Fennel’s most common inclusion seems to be in salads. Its crispy texture and light flavor makes it an absolutely perfect salad component and it would be an insult to fennel week to not showcase the potential of a fennel salad. However, both my boyfriend and I are sort of picky about salads. I don’t like salads with huge tomato chunks or lettuce that is mostly from the heart. My boyfriend simply thinks salads are boring. Don’t get us wrong! We have enjoyed our fair share of salads when we go out to eat, but its extremely rare we prepare them at home.
Recipe #8: Mango and Fennel Salad with Fennel Frond Pesto
& Recipe #9: Fennel, Pear, and Minted Pea Salad
Every other week GreenMade will be featuring a new vegetable and a number of recipes starring it. For the premiere week of “Make a New Vegetable Friend,” GreenMade is showcasing Fennel!
The other dishes we made with fennel this week were: Fennel and Apple Galette, Roasted Fennel and Fennel Chips, Fennel Mint Tea, Roasted Fennel Soup, Fennel Sweet Potato Beet Juice, and Candied Fennel Upside Down Lemon Cake.
Since I was not about to toss some fennel on a bed of romaine knowing that neither of us would enjoy it, I sought out two recipes that used fennel creatively and also gave off a summer vibe. It just so happened that the day I made them it was beautiful and sunny, and eating our wonderfully summery salads made us feel like it was the early days of our courtship! We also ate them with BBQ chicken, so that helped with the summer feeling quite a bit.
My boyfriend preferred the mango fennel salad, stating it was the perfect combo of soft with crunchy, and sweet with salty. He really enjoyed the dressing, and requested I remake it for future salads!
The fennel, pear, and minted pea salad was also amazing. The pears were not too sweet, but a wonderful texture and the combination of mint and peas made me nuts! It was so good! I loved the simple dressing of minted red wine vinegar.
Mango and Fennel Salad with Fennel Frond Pesto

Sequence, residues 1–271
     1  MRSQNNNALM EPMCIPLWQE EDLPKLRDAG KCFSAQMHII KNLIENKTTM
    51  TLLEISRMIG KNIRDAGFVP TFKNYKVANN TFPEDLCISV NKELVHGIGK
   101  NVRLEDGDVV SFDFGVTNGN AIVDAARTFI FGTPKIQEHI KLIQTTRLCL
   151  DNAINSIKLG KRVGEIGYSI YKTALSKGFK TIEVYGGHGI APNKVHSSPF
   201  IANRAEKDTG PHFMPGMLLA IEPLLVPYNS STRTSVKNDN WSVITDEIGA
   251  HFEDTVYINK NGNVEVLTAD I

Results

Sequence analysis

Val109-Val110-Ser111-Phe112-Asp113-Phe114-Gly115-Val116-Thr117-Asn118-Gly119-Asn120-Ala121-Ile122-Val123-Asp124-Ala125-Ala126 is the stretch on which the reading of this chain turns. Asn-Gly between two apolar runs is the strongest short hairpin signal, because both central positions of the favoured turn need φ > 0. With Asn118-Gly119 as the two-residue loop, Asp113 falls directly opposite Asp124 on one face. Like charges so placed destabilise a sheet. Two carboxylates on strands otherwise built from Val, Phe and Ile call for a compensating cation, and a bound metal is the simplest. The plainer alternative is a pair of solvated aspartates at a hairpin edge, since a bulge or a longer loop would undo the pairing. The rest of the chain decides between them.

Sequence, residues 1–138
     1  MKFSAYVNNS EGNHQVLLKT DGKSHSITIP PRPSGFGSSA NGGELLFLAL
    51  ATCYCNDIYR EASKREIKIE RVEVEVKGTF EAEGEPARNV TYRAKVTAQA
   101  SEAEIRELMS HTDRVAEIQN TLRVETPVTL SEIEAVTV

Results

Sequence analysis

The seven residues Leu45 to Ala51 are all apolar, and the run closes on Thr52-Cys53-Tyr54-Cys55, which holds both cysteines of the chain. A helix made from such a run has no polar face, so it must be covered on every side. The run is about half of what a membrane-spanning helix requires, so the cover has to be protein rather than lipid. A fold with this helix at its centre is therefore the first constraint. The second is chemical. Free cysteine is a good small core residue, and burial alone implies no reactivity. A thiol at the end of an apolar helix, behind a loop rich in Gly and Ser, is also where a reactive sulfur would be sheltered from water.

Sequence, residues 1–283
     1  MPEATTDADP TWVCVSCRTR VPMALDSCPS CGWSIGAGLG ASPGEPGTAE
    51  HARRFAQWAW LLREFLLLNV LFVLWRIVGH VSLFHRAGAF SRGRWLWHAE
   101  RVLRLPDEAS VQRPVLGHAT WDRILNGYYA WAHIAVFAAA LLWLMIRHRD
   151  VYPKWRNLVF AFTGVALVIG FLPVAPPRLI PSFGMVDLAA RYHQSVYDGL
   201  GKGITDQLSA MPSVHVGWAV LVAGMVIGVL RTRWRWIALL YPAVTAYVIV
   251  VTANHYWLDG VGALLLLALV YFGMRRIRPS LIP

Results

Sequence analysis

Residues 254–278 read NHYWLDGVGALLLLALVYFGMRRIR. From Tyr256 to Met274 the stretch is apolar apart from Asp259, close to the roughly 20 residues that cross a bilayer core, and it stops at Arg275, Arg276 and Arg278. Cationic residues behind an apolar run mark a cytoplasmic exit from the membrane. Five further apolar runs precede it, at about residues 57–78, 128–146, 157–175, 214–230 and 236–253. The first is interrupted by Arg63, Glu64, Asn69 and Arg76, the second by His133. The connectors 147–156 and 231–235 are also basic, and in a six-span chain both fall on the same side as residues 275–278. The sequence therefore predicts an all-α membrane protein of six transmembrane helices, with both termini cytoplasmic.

1 bulb fennel with fronds
1 tbsp ginger, grated
1 small garlic clove, grated
juice of one lemon
6 tbsp olive oil
2 large or 3 small ripe mangoes
coarse salt to taste
1. Disconnect bulb from fennel stalks. Remove feathery fronds from the fennel stalks until you have approximately 1 – 2 cups. Chop fronds roughly.
2. In a food processor, combine, with a few pulses, the fronds, ginger, garlic, and lemon juice. With the motor still running, add the olive oil until thoroughly combined. Scrape pesto into a small bowl.
3. Slice fennel bulb into small strips. Peel mango and also slice into small strips. Put two items into a medium bowl and then add as much pesto as desired. Serve with coarse salt.
Recipe will stay delicious for 1-2 days if kept covered in the refrigerator.
Fennel, Pear, and Minted Pea Salad
From 44 Cookham Road
Serves 4 – 8 (made waaay too much for 2!)
1 large fennel bulb fronds removed
2 green Bosc pears
1/2 red onion
1 cup fresh peas
120 g of baby spinach leaves
1/2 cup mint leaves finely chopped
1/4 cup of red wine vinegar
1. Place a small pot of water on high heat and bring to the boil. Blanch the peas in the boiling water for 3 minutes, drain and plunge into ice cold water to refresh. Once cooled, drain the peas and add the red wine vinegar and mint, stir carefully to combine.
2. Halve the fennel and onion and slice as thinly as possible. Quarter the pear and do the same. Having a mandolin would be beneficial!
3. Drain peas from the mint and red wine vinegar, reserving the liquid. Toss spinach, fennel, pears, onions, and peas together in a large bowl. Serve with reserved minted red wine vinegar.
I refrigerated it over night and the next day the spinach was wilty and the peas were discolored (the pea color my be because they were frozen peas :/). If I was going to make this again and store it, I would have combined the fennel, onions and the pears, kept the minted vinegar and spinach separate, and blanched peas fresh each time I wanted to eat it. That sort of extra work would be absolutely worth it! This salad is amazing.
Note: Usually when I make something in my kitchen I cannot help but seek out two or more recipes and combine them, or make some sort of modification that I think will make them better. However, in the case of these two salads, the only modifications I made were based on what I was able to procure, and they did, in no way, make either fennel salad better. The modifications did not make them bad in any stretch of the imagination, but gosh I wish I had been able to slice my veggies thinner, or had fresh peas. In any case, the recipes listed above are reprints from the original (with the additions I used. As always, I have included the site where I got them, but this time I do not feel like they are adaptations at all. I have rewritten the directions in my own words so as to not copy and paste directly from the site, but these authors have created the two most wonderful salads I have ever eaten and deserve FULL CREDIT!!